Synopses & Reviews
Nearly ninety years have passed since America was rocked by the biggest sports scandal of the twentieth century: the alleged fixing of the 1919 World Series by the Chicago and#8220;Black Sox.and#8221; Eight ballplayers from one of the greatest teams ever were banished from baseball foreverand#8212;despite being found innocent in a court of lawand#8212;foremost among them the legendary Joseph Jefferson Jackson, and#8220;Shoeless Joe,and#8221; who maintained his innocence until his death.
and#160;Now, in Shoeless Joe and Ragtime Baseball, Harvey Frommer weaves oral history, court testimony, and sparkling narrative together to re-create the life and times of the illiterate farm boy who became one of the greatest players in baseball history. To read this riveting story is to rediscover a sport and a nation at a crossroads in a time marked by larger-than-life characters, the First World War, and the great pilgrimage from the country to the city.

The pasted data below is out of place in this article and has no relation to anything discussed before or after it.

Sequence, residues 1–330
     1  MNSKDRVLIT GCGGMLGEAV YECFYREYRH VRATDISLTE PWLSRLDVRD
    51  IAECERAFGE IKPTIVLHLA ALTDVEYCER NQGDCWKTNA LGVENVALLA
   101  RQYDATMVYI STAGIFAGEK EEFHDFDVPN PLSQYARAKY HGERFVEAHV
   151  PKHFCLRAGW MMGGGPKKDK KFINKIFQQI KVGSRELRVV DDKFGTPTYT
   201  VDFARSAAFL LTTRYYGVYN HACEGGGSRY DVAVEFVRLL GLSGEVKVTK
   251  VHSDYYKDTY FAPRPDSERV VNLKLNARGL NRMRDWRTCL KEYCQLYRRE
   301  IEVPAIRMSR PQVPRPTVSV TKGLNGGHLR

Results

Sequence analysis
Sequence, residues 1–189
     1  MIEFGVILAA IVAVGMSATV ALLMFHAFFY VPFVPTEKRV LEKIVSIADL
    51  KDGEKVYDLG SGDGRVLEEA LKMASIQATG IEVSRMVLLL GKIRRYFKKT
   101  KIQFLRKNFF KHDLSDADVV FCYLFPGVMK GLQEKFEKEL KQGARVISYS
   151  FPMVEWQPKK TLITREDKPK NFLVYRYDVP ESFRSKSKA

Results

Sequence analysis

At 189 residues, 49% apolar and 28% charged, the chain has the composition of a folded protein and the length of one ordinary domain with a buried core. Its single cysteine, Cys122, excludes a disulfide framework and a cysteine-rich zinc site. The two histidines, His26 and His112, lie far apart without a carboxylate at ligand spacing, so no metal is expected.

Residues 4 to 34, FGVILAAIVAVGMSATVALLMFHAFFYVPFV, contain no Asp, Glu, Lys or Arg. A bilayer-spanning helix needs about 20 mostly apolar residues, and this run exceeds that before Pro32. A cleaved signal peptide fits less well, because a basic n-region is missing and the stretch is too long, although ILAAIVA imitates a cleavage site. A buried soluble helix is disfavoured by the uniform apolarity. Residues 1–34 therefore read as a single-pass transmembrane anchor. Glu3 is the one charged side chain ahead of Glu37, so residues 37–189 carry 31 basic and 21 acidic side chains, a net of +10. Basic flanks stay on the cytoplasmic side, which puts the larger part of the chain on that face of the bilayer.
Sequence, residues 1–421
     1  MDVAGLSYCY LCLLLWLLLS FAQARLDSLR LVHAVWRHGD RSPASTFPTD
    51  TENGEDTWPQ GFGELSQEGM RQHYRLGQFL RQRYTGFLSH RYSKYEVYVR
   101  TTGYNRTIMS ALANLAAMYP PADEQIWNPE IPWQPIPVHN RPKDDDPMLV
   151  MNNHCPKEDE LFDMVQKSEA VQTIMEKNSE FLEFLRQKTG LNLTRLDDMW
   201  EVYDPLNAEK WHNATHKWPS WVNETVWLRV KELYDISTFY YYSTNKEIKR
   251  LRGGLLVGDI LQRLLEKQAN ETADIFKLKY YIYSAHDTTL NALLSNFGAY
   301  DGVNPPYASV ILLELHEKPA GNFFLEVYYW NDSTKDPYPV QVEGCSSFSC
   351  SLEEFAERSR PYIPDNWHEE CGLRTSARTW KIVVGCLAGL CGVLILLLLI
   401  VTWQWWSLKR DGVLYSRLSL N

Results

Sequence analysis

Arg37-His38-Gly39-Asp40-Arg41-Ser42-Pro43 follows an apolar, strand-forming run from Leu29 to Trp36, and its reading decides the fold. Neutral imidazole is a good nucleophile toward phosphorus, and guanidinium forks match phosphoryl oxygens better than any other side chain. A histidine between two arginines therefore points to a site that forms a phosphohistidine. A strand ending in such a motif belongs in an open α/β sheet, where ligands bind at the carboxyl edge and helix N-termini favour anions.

But this is more than an in-depth biography; it is an impassioned but reasoned argument for a reevaluation of this misunderstood man, and it raises new questions about the entire Black Sox scandal. Included for the first time ever is Jacksonand#8217;s sworn grand jury testimony, complete and unaltered.
About the Author
Harvey Frommer is a noted sports author and oral historian and the author of over forty books, including Remembering Yankee Stadium: An Oral and Narrative History of and#8220;The House that Ruth Built.and#8221;